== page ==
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A Fool in Love

All right, let’s go way back to Ike and Tina’s first single and first hit, “A Fool in Love.” They released this on Sue Records in 1960 and it went to #2 on the R&B charts, and #27 on the pop charts.

When I listen to this song, an image comes into my mind of young Tina Turner, in one of her sequined dresses, shoving aside some Connie Francis-type as she steps into the pop music consciousness. She’s just fearless and peerless on this track. What the heck did people think when they first heard it?

It’s obligatory to mention the legendary circumstances of the recording. Ike, Tina and the Kings of Rhythm were a popular act in St. Louis at that time and Ike volunteered to write song for Art Lassiter, another hot act in town. He wrote “A Fool in Love” and taught it to Art (with Tina looking on). Then Ike rented out a recording studio to cut the record and Art never showed up. The money was already spent, so at Tina’s suggestion they recorded it with her vocals. The idea was that they were laying down the backing track and they would add Lassiter’s vocals on later–Tina’s singing was just a guide for the band. Ike explains in his autobiography:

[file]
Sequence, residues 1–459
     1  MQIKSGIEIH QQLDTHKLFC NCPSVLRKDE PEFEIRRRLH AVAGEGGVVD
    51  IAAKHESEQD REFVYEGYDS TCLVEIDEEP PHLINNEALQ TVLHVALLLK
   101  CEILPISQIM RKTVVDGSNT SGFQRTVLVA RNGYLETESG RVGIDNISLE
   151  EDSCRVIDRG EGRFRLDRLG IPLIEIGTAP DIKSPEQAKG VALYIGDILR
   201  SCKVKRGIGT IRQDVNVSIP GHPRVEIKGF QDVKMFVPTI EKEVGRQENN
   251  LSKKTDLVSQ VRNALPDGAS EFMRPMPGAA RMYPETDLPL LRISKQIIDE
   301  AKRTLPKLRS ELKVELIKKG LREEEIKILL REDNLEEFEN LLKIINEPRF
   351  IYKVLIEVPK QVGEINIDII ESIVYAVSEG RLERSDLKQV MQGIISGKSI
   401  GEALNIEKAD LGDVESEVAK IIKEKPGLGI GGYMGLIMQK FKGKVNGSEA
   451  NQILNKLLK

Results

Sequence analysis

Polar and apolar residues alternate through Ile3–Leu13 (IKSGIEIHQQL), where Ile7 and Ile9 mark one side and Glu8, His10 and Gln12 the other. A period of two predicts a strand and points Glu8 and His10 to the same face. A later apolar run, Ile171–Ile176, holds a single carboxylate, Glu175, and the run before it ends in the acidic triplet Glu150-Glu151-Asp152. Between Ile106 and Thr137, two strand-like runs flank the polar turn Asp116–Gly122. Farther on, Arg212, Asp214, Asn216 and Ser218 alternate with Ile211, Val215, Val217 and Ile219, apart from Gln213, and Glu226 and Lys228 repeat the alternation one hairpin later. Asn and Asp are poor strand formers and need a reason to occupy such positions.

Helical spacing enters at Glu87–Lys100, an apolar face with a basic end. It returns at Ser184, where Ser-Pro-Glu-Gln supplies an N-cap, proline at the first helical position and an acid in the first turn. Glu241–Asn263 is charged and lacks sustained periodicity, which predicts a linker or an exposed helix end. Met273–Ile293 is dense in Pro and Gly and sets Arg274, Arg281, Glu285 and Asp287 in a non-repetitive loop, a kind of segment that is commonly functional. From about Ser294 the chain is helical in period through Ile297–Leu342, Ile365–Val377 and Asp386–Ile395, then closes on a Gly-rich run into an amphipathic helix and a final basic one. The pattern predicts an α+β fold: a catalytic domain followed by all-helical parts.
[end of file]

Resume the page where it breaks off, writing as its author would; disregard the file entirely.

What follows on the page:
The reason she was hollering so loud, straining, on the record, is because the song is not in a woman’s key. It’s in a man’s key, for a man to sing. I was recording the key for Art Lassiter, and that’s why the song is so high.

It’s interesting to think of Tina purposely trying to sing like a man on this track, because her voice is so big and aggressive here. “HEY HEY HEY HEY HEY!!” Poor Tina never thought this would be her introduction to the average radio listener. Of course it’s the over-the-top delivery and vocal oddity that make this such a cool single, even now.

The music is pretty normal early-’60s R&B, with an especially catchy refrain for the background singers. The song’s lyrics are all about being head over heels for someone who jerks you around, in Ike’s straight-talking style:

Without the man / I don’t wanna live / You think I’m lyin’ / But I’m tellin’ it like it is / He’s got my nose open / And that’s no lie / And I’m gonna keep him satisfied!

This single probably would have done all right for Art Lassiter. Poor guy.

One Comment

  1. Art Lassiter wrote:

    Thanks for the history.

    Sunday, October 30, 2011 at 3:02 am | Permalink

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